The conventional color descriptions are traditional in astronomy, and represent colors relative to the mean color of an A-class star which is considered to be white. The apparent color descriptions are what the observer would see if trying to describe the stars under a dark sky without aid to the eye, or with binoculars.[4][5]

The Sun itself is white, though it is sometimes called a yellow star. This is a natural consequence of the evolution of human optical senses: the response curve that maximizes the overall efficiency against solar illumination will by definition perceive the Sun as white, though there is some subjective variation between observers.[6]

Class O


Type O stars are stars with temperatures of ~35,000 degrees Celsius or Kelvin. They are blue in color and can be more than 6.5 times bigger than the Sun. They are also very massive but, at the same time, very rare. Examples:

Class B


Type B stars are blue stars which have temperatures of ~25,000 degrees (Celsius or Kelvin). They are high in helium spectral lines and luminosity (brightness compared to the Sun), with moderately strong hydrogen lines. B type stars with Balmer lines in their spectra are part of the Be stars subtype. Examples:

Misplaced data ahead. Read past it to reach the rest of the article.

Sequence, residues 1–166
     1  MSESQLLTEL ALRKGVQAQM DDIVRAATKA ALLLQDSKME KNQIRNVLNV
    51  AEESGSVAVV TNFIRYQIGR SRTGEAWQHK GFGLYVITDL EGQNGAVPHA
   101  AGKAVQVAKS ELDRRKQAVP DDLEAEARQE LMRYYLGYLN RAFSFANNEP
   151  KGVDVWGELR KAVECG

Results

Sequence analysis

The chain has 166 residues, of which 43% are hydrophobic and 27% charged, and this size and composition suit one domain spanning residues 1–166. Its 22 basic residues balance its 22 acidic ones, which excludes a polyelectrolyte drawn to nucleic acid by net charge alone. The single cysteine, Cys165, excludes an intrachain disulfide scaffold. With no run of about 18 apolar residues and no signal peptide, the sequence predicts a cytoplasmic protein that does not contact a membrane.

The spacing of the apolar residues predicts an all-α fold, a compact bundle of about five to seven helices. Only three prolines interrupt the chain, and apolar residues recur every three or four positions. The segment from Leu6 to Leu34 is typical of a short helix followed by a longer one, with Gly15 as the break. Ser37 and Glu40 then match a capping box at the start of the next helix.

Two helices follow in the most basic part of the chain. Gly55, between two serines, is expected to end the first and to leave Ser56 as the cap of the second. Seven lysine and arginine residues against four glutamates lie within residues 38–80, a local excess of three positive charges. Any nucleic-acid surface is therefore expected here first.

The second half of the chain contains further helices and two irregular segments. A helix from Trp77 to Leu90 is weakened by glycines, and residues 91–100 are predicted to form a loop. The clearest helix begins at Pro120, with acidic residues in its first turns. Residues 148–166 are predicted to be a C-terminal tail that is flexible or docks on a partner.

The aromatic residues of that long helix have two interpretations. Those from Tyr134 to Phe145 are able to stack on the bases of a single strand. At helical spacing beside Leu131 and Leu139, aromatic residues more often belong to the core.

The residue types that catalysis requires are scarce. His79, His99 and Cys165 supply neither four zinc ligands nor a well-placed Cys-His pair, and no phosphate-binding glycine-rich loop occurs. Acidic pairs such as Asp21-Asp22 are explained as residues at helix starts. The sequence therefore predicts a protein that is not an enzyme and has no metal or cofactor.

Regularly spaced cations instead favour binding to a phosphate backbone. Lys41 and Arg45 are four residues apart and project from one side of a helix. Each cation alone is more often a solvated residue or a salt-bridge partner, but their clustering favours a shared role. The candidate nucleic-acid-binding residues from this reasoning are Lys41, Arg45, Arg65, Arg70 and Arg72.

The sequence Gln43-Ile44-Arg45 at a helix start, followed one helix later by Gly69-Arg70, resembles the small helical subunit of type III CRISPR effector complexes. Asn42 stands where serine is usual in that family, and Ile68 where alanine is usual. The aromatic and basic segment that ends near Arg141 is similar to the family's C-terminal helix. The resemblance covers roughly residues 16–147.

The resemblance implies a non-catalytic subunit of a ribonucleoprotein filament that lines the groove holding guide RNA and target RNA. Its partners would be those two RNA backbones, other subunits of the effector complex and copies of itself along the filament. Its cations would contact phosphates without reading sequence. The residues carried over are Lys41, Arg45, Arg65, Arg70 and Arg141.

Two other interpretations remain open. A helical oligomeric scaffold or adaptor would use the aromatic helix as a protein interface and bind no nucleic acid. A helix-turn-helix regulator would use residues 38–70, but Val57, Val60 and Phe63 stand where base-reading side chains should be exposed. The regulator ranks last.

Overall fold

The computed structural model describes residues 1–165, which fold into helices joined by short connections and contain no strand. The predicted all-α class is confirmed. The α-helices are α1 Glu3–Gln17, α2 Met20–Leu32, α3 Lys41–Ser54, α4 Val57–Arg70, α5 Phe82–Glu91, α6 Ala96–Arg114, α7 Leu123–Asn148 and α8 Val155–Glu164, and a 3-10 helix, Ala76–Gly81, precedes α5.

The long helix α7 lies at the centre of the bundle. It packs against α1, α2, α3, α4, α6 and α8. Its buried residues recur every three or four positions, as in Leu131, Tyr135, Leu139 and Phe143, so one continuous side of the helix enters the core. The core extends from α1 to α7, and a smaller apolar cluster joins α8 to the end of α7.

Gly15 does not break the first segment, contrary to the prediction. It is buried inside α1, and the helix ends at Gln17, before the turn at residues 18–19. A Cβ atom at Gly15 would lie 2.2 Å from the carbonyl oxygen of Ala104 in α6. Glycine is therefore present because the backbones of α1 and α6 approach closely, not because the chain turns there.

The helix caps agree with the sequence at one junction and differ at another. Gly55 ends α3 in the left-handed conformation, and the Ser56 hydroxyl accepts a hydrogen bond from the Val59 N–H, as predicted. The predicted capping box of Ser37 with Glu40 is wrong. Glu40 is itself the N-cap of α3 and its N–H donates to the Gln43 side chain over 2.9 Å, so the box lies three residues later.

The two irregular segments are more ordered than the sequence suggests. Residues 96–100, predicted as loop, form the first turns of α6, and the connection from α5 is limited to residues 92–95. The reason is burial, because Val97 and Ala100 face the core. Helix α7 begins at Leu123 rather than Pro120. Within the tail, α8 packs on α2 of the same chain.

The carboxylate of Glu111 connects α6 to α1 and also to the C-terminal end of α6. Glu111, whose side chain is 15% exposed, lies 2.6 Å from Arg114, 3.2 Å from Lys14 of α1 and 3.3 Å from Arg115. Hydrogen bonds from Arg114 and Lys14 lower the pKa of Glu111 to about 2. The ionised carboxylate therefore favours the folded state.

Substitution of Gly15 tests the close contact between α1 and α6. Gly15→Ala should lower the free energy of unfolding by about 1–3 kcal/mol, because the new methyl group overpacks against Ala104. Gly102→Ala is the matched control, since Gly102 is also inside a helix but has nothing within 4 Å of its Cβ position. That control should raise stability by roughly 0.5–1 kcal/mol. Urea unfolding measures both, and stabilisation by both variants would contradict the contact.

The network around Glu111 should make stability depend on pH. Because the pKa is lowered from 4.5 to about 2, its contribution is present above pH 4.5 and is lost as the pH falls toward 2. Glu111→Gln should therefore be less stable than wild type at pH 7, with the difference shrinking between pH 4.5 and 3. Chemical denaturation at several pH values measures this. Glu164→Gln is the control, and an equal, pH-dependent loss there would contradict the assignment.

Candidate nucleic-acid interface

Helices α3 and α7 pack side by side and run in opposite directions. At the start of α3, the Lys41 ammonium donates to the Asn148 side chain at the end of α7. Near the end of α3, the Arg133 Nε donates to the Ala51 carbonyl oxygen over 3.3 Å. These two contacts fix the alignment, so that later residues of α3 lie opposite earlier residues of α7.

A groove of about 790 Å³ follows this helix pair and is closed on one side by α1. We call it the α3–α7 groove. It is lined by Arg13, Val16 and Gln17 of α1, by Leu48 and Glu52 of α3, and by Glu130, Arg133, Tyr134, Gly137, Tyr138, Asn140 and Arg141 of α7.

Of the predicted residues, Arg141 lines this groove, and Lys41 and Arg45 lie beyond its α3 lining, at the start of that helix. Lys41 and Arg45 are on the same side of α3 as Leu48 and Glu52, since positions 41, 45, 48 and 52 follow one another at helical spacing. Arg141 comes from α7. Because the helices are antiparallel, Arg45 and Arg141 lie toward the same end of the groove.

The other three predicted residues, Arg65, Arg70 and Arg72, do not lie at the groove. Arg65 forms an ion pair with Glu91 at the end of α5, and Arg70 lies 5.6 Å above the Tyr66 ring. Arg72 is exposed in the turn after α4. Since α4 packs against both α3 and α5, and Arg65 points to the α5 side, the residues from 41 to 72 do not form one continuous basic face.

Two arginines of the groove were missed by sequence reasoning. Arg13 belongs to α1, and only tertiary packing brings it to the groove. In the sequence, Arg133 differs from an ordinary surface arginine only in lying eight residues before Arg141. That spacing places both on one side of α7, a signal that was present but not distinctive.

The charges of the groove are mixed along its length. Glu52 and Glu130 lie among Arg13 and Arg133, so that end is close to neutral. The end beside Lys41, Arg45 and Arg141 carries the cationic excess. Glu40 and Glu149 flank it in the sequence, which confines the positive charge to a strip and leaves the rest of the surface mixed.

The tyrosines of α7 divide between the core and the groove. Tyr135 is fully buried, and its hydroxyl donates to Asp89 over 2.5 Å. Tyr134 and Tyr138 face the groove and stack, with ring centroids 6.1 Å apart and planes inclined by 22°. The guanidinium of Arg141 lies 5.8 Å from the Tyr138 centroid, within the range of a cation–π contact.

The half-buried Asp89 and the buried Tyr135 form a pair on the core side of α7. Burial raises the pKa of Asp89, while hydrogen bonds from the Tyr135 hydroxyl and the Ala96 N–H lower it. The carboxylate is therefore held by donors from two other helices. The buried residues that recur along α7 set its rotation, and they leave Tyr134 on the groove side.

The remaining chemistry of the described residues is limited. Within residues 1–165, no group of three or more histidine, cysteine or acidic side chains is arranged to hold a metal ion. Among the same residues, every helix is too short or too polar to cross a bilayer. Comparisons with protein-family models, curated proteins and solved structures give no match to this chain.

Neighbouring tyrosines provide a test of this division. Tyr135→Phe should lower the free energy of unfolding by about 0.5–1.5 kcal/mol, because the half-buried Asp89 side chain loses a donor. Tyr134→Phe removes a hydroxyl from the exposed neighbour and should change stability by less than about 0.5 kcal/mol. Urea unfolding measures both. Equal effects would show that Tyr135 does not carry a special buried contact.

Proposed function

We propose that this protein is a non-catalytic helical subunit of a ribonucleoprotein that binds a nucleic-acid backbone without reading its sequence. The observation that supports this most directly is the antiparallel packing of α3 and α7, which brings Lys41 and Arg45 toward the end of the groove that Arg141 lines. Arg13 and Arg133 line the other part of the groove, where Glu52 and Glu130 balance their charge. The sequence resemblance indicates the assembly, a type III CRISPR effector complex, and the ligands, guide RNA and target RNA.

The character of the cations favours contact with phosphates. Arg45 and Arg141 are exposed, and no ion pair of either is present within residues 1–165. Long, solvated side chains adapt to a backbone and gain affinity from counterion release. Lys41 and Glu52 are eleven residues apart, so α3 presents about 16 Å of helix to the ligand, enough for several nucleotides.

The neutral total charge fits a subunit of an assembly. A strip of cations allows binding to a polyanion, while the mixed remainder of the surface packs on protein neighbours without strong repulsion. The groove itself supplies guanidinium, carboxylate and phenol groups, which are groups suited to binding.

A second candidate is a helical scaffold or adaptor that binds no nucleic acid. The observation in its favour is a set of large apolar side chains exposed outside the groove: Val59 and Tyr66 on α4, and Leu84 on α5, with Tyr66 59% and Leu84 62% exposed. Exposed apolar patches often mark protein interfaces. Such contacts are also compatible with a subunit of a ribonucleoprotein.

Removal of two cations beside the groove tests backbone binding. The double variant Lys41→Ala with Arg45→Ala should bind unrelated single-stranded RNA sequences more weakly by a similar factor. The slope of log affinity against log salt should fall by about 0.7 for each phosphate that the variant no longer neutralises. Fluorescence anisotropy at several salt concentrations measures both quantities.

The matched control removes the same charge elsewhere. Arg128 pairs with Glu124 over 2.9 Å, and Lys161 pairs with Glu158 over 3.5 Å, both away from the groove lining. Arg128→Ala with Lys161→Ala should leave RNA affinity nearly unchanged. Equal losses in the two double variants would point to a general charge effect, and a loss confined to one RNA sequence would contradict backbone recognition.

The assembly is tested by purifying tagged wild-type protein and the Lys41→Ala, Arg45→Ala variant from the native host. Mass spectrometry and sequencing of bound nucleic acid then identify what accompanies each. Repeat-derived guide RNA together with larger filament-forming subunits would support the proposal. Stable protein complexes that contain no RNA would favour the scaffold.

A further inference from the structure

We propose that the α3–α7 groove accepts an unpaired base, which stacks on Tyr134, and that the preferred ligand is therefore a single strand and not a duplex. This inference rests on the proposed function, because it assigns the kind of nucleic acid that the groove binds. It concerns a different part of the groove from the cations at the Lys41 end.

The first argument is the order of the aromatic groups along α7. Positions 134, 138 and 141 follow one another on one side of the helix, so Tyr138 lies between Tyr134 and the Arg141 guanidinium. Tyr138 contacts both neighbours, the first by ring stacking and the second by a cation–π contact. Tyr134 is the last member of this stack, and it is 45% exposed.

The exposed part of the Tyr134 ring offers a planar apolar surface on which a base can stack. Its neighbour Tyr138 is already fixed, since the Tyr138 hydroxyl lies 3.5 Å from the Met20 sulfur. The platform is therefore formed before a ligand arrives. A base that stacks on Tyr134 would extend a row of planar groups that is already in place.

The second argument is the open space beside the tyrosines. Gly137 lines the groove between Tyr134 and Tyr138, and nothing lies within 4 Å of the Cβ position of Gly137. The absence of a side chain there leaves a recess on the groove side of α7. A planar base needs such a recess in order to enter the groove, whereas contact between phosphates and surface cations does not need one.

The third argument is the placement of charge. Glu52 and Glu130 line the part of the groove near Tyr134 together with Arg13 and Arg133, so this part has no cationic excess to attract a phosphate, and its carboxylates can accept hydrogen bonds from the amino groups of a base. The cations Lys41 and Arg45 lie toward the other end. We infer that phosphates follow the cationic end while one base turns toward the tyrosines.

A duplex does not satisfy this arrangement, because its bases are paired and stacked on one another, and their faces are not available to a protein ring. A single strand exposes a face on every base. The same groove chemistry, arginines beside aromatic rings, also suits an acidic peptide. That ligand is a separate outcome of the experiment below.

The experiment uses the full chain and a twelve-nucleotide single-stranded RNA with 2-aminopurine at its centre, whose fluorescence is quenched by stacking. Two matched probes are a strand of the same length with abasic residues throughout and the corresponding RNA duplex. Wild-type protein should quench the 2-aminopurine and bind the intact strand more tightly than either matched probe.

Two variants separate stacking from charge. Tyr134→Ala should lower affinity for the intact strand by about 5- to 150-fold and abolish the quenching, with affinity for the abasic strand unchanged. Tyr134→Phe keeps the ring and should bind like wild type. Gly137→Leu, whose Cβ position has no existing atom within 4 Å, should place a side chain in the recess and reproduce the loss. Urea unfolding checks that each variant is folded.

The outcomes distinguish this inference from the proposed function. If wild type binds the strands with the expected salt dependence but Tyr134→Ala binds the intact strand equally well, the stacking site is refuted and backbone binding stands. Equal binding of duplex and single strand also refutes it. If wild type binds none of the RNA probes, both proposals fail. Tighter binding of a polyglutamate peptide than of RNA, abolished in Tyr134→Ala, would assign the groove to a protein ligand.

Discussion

Class A


Type A stars are white stars which have the strongest hydrogen lines. They are some of the brightest stars in the sky. Temperatures ~10,000 degrees Celsius or Kelvin. Examples:

Class F


Type F stars are yellow stars that contain dominant calcium lines in their spectra. They have temperatures of ~7,500 degrees Celsius or Kelvin. Examples:

Class G